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References


It is possible to create references to objects, i.e. resources or structures. A reference can be used to access fields and call functions on the referenced object.

References are copied, i.e. they are value types.

References are created by using the & operator, followed by the object, the as keyword, and the type through which they should be accessed. The given type must be a supertype of the referenced object's type.

References have the type &T, where T is the type of the referenced object.

let hello = "Hello"

// Create a reference to the "Hello" string, typed as a `String`
//
let helloRef: &String = &hello as &String

helloRef.length // is `5`

// Invalid: Cannot create a reference to `hello`
// typed as `&Int`, as it has type `String`
//
let intRef: &Int = &hello as &Int

References are covariant in their base types. For example, &T is a subtype of &U, if T is a subtype of U.

// Declare a resource interface named `HasCount`,
// that has a field `count`
//
resource interface HasCount {
    count: Int
}

// Declare a resource named `Counter` that conforms to `HasCount`
//
resource Counter: HasCount {
    pub var count: Int

    pub init(count: Int) {
        self.count = count
    }

    pub fun increment() {
        self.count = self.count + 1
    }
}

// Create a new instance of the resource type `Counter`
// and create a reference to it, typed as `&Counter`,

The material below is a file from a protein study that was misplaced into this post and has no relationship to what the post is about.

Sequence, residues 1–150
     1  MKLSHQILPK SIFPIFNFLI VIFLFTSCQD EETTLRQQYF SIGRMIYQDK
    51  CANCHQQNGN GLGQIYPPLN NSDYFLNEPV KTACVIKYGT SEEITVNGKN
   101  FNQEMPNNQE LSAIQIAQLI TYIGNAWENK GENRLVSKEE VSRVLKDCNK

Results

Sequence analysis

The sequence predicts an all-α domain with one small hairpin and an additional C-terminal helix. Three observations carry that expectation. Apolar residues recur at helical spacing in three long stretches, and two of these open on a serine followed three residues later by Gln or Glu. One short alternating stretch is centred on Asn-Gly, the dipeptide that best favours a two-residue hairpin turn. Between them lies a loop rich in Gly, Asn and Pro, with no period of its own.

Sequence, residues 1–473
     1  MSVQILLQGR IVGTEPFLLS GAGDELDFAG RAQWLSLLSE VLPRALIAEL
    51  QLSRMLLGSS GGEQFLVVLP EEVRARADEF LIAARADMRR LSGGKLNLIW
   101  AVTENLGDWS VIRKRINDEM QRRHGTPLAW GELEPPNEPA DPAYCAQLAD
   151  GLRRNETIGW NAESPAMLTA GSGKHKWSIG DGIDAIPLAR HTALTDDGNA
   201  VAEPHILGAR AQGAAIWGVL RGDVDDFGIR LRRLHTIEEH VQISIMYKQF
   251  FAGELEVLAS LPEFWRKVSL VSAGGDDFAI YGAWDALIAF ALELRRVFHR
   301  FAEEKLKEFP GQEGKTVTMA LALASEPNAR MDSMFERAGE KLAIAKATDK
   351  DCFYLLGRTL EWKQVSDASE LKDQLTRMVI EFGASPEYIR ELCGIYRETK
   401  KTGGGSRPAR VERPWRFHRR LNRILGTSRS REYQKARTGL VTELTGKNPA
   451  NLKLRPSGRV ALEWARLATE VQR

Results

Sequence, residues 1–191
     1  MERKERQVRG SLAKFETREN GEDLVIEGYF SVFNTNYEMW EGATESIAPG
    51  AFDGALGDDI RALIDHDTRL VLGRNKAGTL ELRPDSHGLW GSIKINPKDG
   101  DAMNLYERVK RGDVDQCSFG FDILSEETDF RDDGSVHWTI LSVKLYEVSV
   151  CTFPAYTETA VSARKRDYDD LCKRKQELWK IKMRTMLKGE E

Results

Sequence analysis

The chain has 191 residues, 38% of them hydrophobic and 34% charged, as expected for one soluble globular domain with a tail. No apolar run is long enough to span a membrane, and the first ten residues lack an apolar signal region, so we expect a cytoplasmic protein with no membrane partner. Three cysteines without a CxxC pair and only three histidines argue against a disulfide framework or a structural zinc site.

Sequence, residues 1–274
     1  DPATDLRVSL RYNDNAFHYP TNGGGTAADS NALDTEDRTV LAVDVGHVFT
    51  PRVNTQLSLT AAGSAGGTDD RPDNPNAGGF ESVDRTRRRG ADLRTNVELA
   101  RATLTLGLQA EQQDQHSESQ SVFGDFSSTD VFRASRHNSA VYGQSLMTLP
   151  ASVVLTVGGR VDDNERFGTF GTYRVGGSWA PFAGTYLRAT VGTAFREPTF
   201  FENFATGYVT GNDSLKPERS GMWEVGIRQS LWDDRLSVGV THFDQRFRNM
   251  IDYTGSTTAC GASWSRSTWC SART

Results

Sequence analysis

// so the reference allows access to all fields and functions
// of the counter
//
let counter <- create Counter(count: 42)
let counterRef: &Counter = &counter as &Counter

counterRef.count  // is `42`

counterRef.increment()

counterRef.count  // is `43`

References may be authorized or unauthorized.

Authorized references have the auth modifier, i.e. the full syntax is auth &T, whereas unauthorized references do not have a modifier.

Authorized references can be freely upcasted and downcasted, whereas unauthorized references can only be upcasted. Also, authorized references are subtypes of unauthorized references.

// Create an unauthorized reference to the counter,
// typed with the restricted type `&{HasCount}`,
// i.e. some resource that conforms to the `HasCount` interface
//
let countRef: &{HasCount} = &counter as &{HasCount}

countRef.count  // is `43`

// Invalid: The function `increment` is not available
// for the type `&{HasCount}`
//
countRef.increment()

// Invalid: Cannot conditionally downcast to reference type `&Counter`,
// as the reference `countRef` is unauthorized.
//
// The counter value has type `Counter`, which is a subtype of `{HasCount}`,
// but as the reference is unauthorized, the cast is not allowed.
// It is not possible to "look under the covers"
//
let counterRef2: &Counter = countRef as? &Counter

// Create an authorized reference to the counter,
// again with the restricted type `{HasCount}`, i.e. some resource
// that conforms to the `HasCount` interface
//
let authCountRef: auth &{HasCount} = &counter as auth &{HasCount}

// Conditionally downcast to reference type `&Counter`.
// This is valid, because the reference `authCountRef` is authorized
//
let counterRef3: &Counter = authCountRef as? &Counter

counterRef3.count  // is `43`

counterRef3.increment()

counterRef3.count  // is `44`

References are ephemeral, i.e they cannot be stored. Instead, consider storing a capability and borrowing it when needed.